Editor’s Note: In 1996, the Canyon Echo published a four-part series entitled “Life along the San Juan River” for the Utah state centennial celebration. The series was part of the Bluff Legacy Project and was made possible with support from the San Juan County Historical Commission. More acknowledgements from the original article are included at the end of the piece.
By Phil Hall
In writing this last of four articles about life along the San Juan River, I talked to some of the oldtimers who still remember crossing Comb Ridge before paved roads. This is not history. It is more important than that. It is folklore. It is the way things were in the minds of people who still remember them. It is based primarily on oral interviews and writings from a few men who lived during that era.
There was a time before there is now. It was a time very different from our own. It was a time of vastness, known only by the people who lived it. It was a time of incredible difficulties, dark places and rough roads.
Though most of us did not live in that time, we can, perhaps, grasp its significance, its brilliance, and the rough texture of its surface. We celebrate the times gone by in a place called the Utah Strip.
There is a narrow strip of land in southern Utah which stretches from east to west, from the Colorado border to Navajo Mountain. It is roughly bounded on the north by the San Juan River, and on the south by the Arizona state line. It is the frontier where American expansion ran aground in the muddy waters of the San Juan River. It is the northern edge of the Navajo Nation, whose boundaries have shifted as readily, and almost as often, as the sands of the river itself, since its establishment by the Treaty of 1868.
Referring to the area both north and south of the river as the Utah Strip gives one a geographical grasp of an otherwise elusive landscape. The river divides and unites the country through which it passes and gives it shape, providing an obstacle to north-south travel while providing a means of westward transportation.
The Utah Strip is rich in the legends and folklore of modern-day Hopi, Zuni, Acoma, and, indeed, all of the Pueblo peoples who have come to know this country from prehistoric times to the present.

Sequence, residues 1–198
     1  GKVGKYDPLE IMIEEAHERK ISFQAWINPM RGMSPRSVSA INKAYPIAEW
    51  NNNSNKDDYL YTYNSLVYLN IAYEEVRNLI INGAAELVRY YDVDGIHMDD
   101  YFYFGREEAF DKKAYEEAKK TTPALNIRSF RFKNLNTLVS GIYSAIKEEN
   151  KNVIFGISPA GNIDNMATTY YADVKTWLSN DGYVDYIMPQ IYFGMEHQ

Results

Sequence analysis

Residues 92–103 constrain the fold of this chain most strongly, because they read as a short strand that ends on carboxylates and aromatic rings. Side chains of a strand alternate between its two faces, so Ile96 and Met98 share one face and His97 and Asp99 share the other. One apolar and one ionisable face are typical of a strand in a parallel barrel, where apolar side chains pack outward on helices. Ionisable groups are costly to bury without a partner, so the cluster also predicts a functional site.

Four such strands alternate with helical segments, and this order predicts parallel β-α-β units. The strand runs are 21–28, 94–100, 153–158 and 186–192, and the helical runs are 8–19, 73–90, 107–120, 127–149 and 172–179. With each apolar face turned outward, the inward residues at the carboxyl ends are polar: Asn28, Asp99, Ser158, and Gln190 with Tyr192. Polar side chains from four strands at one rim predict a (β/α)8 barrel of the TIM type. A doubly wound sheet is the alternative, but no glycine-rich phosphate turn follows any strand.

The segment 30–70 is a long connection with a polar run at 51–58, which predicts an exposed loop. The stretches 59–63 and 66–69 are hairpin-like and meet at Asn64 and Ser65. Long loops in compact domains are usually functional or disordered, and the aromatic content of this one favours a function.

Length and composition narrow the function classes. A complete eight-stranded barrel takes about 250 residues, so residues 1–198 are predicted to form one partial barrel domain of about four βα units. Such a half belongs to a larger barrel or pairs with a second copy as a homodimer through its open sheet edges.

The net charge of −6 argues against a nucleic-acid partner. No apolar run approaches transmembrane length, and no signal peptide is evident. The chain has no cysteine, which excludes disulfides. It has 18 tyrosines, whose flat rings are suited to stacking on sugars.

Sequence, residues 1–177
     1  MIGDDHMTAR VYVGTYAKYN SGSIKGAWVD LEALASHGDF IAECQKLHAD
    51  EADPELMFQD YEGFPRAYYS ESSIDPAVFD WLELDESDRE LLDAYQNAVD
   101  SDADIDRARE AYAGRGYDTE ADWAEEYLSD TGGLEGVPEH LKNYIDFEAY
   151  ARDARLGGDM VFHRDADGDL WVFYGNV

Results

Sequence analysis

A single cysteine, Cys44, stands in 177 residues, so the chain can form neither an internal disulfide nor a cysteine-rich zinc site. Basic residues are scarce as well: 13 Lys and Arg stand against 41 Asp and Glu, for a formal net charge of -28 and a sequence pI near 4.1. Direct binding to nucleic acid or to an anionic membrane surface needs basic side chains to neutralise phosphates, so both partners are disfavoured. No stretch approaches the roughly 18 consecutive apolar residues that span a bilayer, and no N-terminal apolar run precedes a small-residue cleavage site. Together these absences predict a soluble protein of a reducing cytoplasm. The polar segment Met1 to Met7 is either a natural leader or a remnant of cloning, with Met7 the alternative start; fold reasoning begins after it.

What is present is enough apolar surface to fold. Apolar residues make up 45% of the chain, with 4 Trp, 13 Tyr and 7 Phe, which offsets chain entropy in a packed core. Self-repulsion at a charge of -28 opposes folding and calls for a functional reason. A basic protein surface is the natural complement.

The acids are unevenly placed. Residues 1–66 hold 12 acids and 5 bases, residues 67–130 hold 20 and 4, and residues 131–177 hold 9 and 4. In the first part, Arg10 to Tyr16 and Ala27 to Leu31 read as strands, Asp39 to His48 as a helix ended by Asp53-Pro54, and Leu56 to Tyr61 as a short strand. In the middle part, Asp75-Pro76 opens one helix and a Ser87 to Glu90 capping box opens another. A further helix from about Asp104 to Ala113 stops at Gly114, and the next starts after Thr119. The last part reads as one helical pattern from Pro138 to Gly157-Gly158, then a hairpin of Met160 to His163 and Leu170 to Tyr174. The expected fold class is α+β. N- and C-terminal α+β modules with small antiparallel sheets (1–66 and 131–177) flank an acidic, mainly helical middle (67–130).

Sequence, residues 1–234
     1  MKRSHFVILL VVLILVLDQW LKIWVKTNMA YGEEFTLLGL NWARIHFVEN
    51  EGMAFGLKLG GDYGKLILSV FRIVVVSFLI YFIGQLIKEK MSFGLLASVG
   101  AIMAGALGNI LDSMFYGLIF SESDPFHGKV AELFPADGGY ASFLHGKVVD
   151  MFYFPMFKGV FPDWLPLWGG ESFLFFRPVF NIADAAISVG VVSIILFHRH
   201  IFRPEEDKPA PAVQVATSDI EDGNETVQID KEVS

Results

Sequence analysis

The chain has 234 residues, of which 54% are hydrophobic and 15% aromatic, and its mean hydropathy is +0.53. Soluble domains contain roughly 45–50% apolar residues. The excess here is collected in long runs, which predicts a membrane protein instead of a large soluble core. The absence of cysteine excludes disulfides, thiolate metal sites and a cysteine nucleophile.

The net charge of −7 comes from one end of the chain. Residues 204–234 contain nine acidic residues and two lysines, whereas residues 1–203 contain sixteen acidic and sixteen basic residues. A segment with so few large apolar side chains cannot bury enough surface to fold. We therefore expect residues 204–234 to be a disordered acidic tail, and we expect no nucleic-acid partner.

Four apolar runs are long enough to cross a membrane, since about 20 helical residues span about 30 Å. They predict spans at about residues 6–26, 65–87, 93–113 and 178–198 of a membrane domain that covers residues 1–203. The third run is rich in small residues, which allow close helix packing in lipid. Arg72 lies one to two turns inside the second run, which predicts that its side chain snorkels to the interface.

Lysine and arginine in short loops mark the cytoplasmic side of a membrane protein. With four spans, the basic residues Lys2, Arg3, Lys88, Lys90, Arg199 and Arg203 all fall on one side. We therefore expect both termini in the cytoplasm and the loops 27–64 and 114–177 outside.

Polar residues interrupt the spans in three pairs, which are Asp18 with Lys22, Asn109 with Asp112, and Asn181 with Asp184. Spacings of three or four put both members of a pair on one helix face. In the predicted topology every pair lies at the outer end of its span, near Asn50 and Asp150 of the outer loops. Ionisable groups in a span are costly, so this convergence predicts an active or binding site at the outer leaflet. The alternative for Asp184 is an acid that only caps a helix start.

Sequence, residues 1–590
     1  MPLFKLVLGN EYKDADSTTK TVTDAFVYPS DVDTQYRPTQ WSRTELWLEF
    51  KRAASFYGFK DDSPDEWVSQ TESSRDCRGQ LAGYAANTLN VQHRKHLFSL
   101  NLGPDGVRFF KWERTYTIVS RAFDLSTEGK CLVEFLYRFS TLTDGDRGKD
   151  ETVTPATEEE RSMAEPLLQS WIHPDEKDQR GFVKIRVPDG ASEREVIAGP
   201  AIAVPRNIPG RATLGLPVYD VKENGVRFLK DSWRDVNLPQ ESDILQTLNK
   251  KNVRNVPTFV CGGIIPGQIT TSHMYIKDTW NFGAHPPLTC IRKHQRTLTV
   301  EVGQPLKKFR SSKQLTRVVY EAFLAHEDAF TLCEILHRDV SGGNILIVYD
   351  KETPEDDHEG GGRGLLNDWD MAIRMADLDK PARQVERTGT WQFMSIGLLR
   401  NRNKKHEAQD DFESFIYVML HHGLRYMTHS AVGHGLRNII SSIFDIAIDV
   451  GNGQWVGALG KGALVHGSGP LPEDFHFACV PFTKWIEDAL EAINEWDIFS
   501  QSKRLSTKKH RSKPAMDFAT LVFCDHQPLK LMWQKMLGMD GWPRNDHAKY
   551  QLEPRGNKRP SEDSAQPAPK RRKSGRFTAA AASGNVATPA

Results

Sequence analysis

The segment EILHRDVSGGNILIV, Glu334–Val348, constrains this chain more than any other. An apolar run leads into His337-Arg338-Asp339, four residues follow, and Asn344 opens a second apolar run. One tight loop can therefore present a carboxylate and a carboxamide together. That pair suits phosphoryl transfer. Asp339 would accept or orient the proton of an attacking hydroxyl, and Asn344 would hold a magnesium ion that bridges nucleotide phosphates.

It is populated by Anglos and Navajos today, but once it was occupied by Utes and Paiutes as well, and by farmers, miners, ranchers, boaters, explorers, and adventurers, lured by the swift-moving waters for a chance to hunt or trade, mine or farm. It has provided opportunity for some, and disaster for many more, as the river knows no whims but her own, answers no calls except to the dynamism and power of her own resurgent self. The central feature of the Utah Strip is the San Juan River, and the geologic magic which only she weaves.
If there is one characteristic of the Utah Strip which persists in this century, it is the struggle for the land: for the use of the land, possession of it and extraction of resources from it. Struggle for possession of lands north and south of the San Juan River continued well into the 20th Century, and to some extent continues today. But it was an agreement signed into effect in 1933 which ceded the Navajo Nation expansion northward from Monument Valley to Mexican Hat in the west, and created the Aneth Extension in the east.
Exploration for mineral resources began even before the new century dawned. Swarms of rough hewn men descended on the banks of the San Juan with their tools and mules, in search of rich paydirt, the flour gold that would make men rich overnight. Men were slain by by Utes, Paiutes and Navajos while trying to find silver in Monument Valley and on Navajo Mountain. Some found copper, some found oil, and later, uranium. Before the first Mormon pioneers reached this country men were prowling the banks of the San Juan looking for gold.
Mineral extraction has been a way of life since the first white men arrived on the Utah Strip, and it was mineral extraction which brought roads into previously roadless areas, electricity to dark places, jobs to people who wanted them. Gold, silver, copper, oil, gas, uranium, and gravel have all been mined here. These various boom and bust cycles have brought men to San Juan County who wanted to make their living while they could, for making a living in this poor country has always been, for most, a difficult thing to do. Some of those men stayed and raised families, and continue to live here today.
A historically significant institution all around the Navajo Nation was the trading post, which has quietly disappeared, along with the traders themselves, replaced by the gas and convenience store. The disappearance of the trading post marks a significant change in the culture of Navajo people and in the relations between Navajos and Anglos.